Some progress with InfoGAN

I’ve recently shared my first (and unfortunately relatively disappointing) results of applying InfoGAN [1] to simple shapes. Over the past weeks, I’ve continued to work on this, and my results are starting to look more promising. Today, I’m going to share the current state of my research.

As already mentioned in the last blog post, the original InfoGAN implementation by Chen et al. was not very convenient to use, mostly because it often crashed before finishing training. I have therefore transitioned to TFGAN in order to get a more stable system. Although there are some example code snippets available online, it took me quite some time to get everything up and running with my rectangle data set.

With the new implementation, training is much smoother – there are barely any crashes and thanks to the newer TensorFlow version, which is compatible with the graphics card drivers at my university, I can train the networks quite fast.

Remember that I started with a dataset of rectangles where the only two changing features are the width and the height of the rectangle. My goal was to unsupervisedly rediscover  these two dimensions from the data set. After the first few test runs of my new implementation, I however noticed that the network often learned a dimension for the overall size of the rectangle instead of two dimensions for width and height. Thinking about this, I realized that you can also perfectly describe a rectangle by its overall size and its aspect ratio.

When I was skimming through Gärdenfors’ book on conceptual spaces [2] to look something up for a different project, I stumbled over Chapter 4.10 where he describes a psychological experiment: The experimenters used also stimuli with varying widths and heights, but the results of the study indicate that participants tended to use the aspect ratio and the overall size of the stimulus when making similarity judgments. So learning the dimensions of size and aspect ratio is also not completely unreasonable. From a mathematical perspective, you can start with any two of the four dimensions (width, height, size, and aspect ratio) and compute the remaining ones based on them.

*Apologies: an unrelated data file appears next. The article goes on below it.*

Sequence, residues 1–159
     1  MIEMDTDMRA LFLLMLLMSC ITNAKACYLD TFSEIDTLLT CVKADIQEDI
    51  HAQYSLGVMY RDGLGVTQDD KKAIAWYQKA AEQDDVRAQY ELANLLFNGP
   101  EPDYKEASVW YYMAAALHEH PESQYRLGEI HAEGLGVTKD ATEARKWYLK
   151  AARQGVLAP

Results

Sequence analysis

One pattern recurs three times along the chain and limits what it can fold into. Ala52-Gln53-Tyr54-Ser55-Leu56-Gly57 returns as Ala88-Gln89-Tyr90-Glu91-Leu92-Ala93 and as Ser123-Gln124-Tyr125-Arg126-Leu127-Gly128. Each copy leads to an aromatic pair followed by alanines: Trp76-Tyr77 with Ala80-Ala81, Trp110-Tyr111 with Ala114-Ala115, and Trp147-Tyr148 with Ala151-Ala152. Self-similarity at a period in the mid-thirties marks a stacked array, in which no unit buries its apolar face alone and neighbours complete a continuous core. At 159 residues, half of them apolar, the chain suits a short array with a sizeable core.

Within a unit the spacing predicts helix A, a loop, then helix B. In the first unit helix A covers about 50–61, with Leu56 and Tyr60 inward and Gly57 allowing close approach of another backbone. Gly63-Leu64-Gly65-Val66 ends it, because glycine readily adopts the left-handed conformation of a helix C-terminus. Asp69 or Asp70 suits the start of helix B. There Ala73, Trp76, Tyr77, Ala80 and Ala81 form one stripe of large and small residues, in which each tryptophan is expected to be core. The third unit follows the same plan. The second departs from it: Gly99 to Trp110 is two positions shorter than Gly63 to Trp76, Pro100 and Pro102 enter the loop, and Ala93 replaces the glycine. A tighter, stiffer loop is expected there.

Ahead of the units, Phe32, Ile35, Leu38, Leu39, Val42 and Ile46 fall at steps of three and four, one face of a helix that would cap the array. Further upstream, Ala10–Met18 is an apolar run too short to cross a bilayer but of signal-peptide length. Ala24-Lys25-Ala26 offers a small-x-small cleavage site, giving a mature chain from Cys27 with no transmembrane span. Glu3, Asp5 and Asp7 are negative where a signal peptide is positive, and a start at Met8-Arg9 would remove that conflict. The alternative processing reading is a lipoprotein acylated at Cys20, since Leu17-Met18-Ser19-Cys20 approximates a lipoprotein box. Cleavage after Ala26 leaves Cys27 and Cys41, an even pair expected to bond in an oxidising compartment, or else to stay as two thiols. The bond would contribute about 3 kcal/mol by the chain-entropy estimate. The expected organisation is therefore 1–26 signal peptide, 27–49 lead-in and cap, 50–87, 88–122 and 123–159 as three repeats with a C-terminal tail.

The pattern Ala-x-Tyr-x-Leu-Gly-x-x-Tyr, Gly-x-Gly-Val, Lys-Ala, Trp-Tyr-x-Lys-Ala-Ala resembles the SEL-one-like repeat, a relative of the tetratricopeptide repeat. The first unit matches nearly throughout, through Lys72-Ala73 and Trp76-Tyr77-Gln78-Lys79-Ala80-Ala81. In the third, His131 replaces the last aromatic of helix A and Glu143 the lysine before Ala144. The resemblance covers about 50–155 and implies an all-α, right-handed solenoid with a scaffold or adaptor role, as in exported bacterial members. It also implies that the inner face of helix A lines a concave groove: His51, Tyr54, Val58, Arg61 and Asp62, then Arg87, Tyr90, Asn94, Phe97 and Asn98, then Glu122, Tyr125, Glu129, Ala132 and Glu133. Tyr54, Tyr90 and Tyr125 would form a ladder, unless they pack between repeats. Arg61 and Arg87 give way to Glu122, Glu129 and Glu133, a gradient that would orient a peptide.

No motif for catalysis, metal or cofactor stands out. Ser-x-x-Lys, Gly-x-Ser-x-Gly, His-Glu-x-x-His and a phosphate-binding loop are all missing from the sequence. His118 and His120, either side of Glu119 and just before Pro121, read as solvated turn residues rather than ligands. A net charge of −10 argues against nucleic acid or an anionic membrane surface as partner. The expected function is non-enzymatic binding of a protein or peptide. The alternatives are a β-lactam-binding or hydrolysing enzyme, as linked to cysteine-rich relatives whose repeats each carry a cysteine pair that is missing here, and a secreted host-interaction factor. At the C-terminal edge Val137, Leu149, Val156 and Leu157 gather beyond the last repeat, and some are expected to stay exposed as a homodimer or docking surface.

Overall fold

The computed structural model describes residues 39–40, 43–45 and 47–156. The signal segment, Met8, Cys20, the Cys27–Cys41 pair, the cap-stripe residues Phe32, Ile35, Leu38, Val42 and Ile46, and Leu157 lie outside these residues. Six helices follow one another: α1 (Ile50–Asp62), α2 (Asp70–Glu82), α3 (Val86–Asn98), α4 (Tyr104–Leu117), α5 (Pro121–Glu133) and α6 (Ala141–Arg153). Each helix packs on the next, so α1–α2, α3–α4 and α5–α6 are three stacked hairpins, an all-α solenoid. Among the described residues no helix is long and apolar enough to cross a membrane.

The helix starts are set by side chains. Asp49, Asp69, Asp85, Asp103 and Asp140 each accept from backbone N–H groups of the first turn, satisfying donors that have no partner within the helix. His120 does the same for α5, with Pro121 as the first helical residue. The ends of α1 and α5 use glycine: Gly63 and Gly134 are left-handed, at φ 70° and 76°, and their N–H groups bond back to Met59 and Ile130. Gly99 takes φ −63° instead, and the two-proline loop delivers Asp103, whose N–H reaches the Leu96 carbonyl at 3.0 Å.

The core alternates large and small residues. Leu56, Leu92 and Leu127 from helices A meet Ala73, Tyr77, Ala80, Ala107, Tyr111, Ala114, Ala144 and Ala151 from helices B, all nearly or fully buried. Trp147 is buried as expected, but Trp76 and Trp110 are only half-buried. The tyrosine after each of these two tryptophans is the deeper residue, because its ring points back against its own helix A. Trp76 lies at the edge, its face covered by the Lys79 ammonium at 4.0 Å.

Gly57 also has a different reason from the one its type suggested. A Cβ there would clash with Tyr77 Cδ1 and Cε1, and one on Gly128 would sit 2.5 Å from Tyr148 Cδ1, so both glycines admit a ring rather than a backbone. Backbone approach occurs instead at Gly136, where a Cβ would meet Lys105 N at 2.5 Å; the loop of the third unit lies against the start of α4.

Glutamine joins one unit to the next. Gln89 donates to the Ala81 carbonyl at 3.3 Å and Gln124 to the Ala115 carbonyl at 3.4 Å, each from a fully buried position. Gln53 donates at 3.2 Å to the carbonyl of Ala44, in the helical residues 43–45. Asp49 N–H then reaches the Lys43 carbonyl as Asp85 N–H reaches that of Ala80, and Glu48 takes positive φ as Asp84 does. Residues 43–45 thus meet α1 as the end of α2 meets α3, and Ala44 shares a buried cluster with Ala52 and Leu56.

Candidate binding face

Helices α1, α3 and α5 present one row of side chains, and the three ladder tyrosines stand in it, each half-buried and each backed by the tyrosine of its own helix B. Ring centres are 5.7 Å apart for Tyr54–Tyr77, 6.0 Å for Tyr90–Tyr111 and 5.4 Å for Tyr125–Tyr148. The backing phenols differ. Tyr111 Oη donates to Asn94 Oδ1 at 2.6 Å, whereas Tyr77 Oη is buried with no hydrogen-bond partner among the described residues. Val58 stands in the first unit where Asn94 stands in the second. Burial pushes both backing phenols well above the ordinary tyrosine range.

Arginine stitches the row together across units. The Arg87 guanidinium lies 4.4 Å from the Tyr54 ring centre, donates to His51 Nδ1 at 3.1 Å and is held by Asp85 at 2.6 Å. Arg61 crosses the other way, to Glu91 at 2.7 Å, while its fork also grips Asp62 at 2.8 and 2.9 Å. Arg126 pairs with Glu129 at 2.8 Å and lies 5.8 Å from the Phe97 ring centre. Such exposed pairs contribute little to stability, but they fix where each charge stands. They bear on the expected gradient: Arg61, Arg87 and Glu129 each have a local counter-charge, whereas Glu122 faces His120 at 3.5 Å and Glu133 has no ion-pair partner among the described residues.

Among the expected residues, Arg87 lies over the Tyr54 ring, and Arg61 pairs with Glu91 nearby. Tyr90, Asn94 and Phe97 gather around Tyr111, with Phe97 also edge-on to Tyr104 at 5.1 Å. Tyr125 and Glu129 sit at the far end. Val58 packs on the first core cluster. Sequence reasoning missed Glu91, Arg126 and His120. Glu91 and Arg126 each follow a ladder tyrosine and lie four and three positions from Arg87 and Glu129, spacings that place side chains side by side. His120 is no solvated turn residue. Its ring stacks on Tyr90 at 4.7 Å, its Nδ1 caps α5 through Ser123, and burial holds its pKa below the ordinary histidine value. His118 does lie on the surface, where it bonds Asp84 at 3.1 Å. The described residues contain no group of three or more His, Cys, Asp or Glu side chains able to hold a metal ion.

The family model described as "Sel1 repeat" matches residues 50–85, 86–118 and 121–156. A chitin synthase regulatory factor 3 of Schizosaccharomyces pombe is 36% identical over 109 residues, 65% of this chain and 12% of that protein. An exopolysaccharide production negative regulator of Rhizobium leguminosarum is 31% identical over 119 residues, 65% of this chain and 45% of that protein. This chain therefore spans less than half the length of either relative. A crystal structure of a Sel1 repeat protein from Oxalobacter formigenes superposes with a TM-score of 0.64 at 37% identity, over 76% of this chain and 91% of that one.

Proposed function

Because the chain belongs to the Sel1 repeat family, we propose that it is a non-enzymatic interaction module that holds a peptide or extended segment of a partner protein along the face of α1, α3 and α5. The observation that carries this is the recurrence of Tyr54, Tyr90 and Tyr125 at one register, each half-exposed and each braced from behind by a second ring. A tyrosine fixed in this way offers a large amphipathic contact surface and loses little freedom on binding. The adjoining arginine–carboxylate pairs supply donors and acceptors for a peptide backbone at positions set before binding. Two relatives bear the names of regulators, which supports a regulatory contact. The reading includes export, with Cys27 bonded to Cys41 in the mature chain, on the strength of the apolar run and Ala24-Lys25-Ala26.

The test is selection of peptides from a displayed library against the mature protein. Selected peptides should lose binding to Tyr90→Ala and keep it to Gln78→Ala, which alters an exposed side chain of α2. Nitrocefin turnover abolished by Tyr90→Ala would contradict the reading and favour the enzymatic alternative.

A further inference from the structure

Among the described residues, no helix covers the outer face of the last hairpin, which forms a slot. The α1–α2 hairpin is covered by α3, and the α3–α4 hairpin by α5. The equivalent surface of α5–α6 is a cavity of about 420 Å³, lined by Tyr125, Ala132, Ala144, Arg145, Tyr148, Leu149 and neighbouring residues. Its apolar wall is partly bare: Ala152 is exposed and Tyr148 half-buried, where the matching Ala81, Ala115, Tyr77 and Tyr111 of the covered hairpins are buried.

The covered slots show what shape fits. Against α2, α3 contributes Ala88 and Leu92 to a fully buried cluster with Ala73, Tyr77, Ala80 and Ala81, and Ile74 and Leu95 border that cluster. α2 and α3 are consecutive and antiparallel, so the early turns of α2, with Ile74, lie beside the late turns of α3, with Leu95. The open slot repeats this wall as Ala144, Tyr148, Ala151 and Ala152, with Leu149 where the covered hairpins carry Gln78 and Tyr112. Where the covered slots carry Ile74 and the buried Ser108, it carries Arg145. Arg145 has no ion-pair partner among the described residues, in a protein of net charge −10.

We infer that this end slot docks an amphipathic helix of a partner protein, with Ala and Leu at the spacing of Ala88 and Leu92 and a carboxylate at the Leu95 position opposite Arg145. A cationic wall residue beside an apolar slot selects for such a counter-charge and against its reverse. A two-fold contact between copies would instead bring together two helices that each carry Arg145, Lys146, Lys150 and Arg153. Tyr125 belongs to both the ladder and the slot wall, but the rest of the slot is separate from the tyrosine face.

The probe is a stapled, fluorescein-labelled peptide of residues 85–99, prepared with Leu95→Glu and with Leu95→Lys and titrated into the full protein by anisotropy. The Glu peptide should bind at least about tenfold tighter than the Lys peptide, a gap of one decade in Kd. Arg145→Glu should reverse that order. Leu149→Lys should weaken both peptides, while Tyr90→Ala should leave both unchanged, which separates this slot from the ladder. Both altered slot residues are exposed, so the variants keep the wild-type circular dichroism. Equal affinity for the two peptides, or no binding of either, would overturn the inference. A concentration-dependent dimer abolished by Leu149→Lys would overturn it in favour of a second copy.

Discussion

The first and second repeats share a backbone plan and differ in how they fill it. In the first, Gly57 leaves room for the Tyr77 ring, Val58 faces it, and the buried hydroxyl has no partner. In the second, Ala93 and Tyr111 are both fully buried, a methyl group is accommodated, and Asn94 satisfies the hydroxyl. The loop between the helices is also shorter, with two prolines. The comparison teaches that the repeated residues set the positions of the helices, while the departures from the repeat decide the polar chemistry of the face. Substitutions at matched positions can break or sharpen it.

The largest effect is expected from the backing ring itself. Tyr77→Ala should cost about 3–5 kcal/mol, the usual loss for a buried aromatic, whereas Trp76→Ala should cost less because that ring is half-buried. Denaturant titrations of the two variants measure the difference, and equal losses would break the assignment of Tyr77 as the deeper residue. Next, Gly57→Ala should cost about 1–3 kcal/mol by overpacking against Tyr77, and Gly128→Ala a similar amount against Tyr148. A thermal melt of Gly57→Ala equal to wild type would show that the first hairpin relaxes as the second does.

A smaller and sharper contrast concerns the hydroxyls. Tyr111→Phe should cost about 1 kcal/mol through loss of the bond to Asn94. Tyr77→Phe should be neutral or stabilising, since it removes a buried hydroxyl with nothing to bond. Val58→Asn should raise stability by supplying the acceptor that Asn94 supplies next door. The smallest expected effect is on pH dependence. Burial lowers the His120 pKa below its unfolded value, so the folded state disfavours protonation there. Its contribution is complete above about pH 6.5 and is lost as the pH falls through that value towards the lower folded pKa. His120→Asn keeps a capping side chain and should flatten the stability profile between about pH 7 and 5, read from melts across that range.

I’m currently playing around with different hyperparameters (e.g., the learning rate) and many runs don’t give very useful results. Looking through hundreds of images and judging their interpretability is not a very efficient way of finding promising examples because it is very time consuming. In order to automate this to some extent, I’ve set up a linear regression that tries to predict the four dimensions width, height, size, and aspect ratio from the latent code extracted by the network.  Those networks, where the regression is more successful for one or two of the dimensions (i.e., where the regression error is smaller) are more promising candidates.

So far, I didn’t have the chance to do a thorough analysis, but there are some promising-looking examples, like the one depicted in Figures 1 and 2 (where each line is a different sample and the value of the latent dimension is increased from left to right).

Figure 1: First extracted dimension corresponding to size.
Figure 2: Second extracted dimension corresponding to aspect ratio.

As you can see, the first dimension seems to correspond to the rectangle’s overall size and the second one to its aspect ratio. Unfortunately, such nice results are still quite rare. I need to analyze the results as well as my setup in more detail in order to better understand what’s going on and to increase the reproducibility of the results. Nevertheless, things are looking better now and I’m looking forward to further progress on this.

If you’re interested in the code, feel free to take a look at the corresponding GitHub project, but please be aware that it has not yet been properly documented.

References

[1] Chen, Xi, et al. “InfoGAN: Interpretable Representation Learning by Information Maximizing Generative Adversarial Nets.” Advances in Neural Information Processing Systems, 2016

[2] Gärdenfors, Peter. Conceptual Spaces: The Geometry of Thought. MIT Press, 2000.

Leave a Reply

Your email address will not be published.